Survivors of Morocco’s deadliest earthquake in sixty years have told of the horror of living alongside dead bodies still submerged under collapsed homes, which four days on from the disaster are beginning to rot.
Aziz, a villager from Ijoukak, 10 miles from the quake’s epicentre, said: ‘Until now we have found no survivors, only the dead buried under the rubble… the smell of corpses is very, very strong. We still have no electricity and no water.’
The death toll has now surpassed 2,800 and is expected to rise even further, as hopes fade of bringing out those still trapped under piles of debris following Friday’s 6.8-magnitude quake.
Desperate villagers still waiting for aid in the worst-hit regions of the Atlas mountains reported being left to search for survivors themselves, digging with their bare hands to get the bodies of their neighbours and loved ones out of the rubble.
After the fourth night sleeping outside for many Moroccans on Monday – either in makeshift tents or under the stars in rural areas and on the streets of Marrakech – many are waking up today still waiting for help.
A victim covered in a sheet is carried to a makeshift grave that has just been dug in Talat N’yakoub
Desperate villagers still waiting for aid in the worst-hit regions of the Atlas mountains reported being left to search for survivors themselves
A victim is carried away by rescue workers in Talat N’yakoub, Morocco
A group of men carry the body of a local who was killed in the quake to place them in a freshly dug grave
Because homes in quake-hit villages of the High Atlas mountains are typically made of mud bricks, stone and clay, it is usually harder for people to survive in them than in modern buildings destroyed by quakes.
‘When all of that collapses, you don’t have much chance of surviving, because there are no air pockets,’ Rescuers Without Borders’ founder, Arnaud Fraisse, said.
‘People are generally suffocated by the dust.’
Abdelqader Tarfay, the general secretary of Morocco’s National Health Union, said that the greatest challenge for medics and rescue teams is still to get trapped people out.
‘Then they have to work on removing the remaining corpses under the rubble so that they do not rot,’ he told Al Jazeera.
Homes, mosques and schools have been decimated, with a religious teacher in the village of Tafeghaghte saying that 22 of his students had been killed.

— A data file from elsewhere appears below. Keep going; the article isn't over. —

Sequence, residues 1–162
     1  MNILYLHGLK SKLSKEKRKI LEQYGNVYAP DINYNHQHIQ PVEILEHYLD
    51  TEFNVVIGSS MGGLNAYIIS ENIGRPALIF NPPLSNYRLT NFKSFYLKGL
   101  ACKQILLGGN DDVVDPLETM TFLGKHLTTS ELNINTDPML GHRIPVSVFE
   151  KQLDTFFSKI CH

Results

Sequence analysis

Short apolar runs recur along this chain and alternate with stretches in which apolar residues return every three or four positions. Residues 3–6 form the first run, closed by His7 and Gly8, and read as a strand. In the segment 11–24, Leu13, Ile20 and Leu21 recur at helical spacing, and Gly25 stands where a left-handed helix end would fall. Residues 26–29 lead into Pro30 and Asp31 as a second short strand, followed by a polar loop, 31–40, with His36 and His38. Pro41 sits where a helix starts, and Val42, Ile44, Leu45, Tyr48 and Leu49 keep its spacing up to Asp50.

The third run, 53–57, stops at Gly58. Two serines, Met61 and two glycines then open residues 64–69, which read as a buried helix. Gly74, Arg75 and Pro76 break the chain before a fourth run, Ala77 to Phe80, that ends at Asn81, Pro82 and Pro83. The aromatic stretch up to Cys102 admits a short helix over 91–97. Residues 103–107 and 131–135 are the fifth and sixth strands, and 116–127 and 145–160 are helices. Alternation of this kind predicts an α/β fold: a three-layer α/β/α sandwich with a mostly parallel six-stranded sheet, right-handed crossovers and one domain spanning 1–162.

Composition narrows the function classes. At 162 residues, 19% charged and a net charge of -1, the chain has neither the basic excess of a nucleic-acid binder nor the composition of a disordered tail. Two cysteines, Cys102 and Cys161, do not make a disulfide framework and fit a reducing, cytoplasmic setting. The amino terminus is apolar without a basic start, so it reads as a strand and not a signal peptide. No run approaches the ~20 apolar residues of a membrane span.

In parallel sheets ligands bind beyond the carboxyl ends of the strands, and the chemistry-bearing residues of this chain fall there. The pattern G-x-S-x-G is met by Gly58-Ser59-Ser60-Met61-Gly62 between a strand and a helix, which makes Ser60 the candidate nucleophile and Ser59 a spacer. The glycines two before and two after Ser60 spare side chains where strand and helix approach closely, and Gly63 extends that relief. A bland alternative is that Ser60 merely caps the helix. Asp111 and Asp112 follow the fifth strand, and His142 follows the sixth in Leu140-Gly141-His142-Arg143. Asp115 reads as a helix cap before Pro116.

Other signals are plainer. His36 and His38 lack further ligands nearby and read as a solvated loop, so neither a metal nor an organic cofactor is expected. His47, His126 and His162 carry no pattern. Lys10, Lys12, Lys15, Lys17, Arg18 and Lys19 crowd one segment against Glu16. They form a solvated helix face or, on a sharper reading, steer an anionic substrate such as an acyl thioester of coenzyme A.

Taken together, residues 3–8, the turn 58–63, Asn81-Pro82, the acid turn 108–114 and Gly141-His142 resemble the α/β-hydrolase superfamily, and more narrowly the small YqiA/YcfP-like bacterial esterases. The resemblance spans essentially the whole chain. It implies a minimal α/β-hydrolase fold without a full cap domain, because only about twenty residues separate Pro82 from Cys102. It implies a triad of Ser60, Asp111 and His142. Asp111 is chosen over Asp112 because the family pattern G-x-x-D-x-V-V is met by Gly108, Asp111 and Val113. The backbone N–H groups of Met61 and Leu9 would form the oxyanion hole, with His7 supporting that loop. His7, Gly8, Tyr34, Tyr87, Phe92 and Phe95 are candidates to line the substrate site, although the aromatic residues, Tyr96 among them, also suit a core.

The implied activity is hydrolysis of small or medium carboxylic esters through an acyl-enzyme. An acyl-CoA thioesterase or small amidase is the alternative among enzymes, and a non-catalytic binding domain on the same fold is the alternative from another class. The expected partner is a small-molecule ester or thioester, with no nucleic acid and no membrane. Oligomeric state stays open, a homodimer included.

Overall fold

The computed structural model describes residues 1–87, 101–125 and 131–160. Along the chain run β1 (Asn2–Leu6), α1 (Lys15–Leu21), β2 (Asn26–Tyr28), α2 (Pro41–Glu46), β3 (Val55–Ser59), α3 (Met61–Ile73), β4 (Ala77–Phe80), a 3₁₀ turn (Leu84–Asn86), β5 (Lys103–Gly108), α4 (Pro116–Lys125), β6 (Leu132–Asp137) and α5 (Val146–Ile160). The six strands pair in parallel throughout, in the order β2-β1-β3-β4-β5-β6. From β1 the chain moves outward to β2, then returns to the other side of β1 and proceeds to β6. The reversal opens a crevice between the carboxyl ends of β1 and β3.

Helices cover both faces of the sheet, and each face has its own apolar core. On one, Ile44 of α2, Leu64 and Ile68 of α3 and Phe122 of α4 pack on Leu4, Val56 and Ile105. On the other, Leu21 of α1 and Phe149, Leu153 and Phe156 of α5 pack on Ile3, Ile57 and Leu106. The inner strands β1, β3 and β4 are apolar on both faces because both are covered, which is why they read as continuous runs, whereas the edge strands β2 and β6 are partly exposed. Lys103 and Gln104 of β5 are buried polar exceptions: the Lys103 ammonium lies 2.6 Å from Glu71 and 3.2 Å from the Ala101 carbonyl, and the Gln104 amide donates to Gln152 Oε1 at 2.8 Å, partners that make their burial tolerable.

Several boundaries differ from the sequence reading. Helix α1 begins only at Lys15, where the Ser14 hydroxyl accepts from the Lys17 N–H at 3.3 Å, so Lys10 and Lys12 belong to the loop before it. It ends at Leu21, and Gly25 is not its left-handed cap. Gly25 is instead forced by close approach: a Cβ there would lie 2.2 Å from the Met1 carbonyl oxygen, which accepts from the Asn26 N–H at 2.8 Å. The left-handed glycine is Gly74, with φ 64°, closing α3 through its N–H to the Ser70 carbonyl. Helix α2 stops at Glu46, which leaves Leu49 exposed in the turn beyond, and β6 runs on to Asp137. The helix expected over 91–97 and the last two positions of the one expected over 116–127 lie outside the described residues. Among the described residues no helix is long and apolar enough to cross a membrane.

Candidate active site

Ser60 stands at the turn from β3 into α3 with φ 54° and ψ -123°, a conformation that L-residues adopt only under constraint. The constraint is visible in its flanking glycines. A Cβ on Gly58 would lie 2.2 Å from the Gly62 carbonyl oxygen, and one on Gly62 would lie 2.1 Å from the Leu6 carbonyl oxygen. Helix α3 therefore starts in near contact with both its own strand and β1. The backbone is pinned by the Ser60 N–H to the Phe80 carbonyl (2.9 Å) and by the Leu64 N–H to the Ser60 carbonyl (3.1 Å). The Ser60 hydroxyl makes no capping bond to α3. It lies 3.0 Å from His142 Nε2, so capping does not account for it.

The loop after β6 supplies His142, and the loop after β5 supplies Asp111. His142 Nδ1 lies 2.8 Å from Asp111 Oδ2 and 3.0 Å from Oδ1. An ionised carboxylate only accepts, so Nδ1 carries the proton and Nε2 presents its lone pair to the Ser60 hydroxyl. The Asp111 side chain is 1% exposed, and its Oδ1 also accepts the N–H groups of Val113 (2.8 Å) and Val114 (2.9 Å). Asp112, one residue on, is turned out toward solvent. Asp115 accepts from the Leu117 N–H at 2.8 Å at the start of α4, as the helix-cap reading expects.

Some residents in the worst-hit mountain regions criticised the government’s relief efforts, saying that while other communities had received assistance they have had to fend for themselves.
Said Hartattouch said it was understandable why some communities were receiving state assistance while others were not, due to the enormity of the destruction that has killed more than 2,800 people.
Remote hamlets in the areas around Ijoukak are still not accessible, the Guardian reports, with ‘huge boulders blocking the roads’.
‘The problem for Atlas Mountains is that it is big… ‘It’s not possible to help everyone’.
The 34-year-old was at work in Marrakech when the 6.8 magnitude earthquake struck.
The moment the earth began to shake, he rushed to his family’s village more than 60 miles away in the High Atlas Mountains, anxious to get to his mother and two sisters.
Moroccan rescuers carry a body out of the rubble in Talat N’Yacoub village of al-Haouz province
Said Hartattouch, 34, was at work in Marrakech when the 6.8 magnitude earthquake struck
Women react as they walk on the rubble of Imoulas village in the Taroudant province
When he arrived several hours later, his childhood home lay in ruins.
Speaking outside the rubble of the earth-and-straw house, Hartattouch said that in the days following the quake he had sometimes felt like he was in a horrible dream.
‘But then you wake up the day after and you find reality,’ he said.
While Hartattouch’s mother and sisters survived, fifteen other people from the close community of about 100 people perished.
Among them was his uncle, who was buried by a collapsing wall after he fled his home, and a close family friend who lived next door.
The village of Tinmel lies in a state of devastation. The homes have been crushed and the historic 12th-century mosque that sits at the end of the village and attracted tourists from around the world is now a ruin.
Recounting his return to the village, delayed due to a road blocked by a landslide, Hartattouch described a scramble inside his destroyed family home to gather blankets and his mother’s insulin.
A Moroccan soldier comforts a man sitting on the ruins of a home in the mountainous area of Tizi N’Test
People wait as emergency personnel open a road to their village in the mountainous area of Tizi N’Test, in the Taroudant province
Family members hold a woman as she is overcome with grief as the body of her husband is removed from beneath a collapsed house
An excavator digs through the rubble of collapsed buildings on September 11, 2023 in Douz
Boxes of humanitarian aid prepared to be sent to quake-hit Morocco following the deadly earthquake
With nowhere to go, the villagers have slept out in the open since the earthquake struck on Friday.
Residents say the village has received little government help and instead relied on charitable donations. A mother of a 15-day-old baby boy said the child needed milk formula and medicine.
There is an urgent need for tents to protect the people from the dropping temperatures at night.
‘It is the beginning of the cold weather, the first day was very tough,’ Hartattouch said.
I am Rakesh Sharma, I associated with Elite News as an Editor, since 2021. I take care of all the news operations like content, budget, hiring and policy making.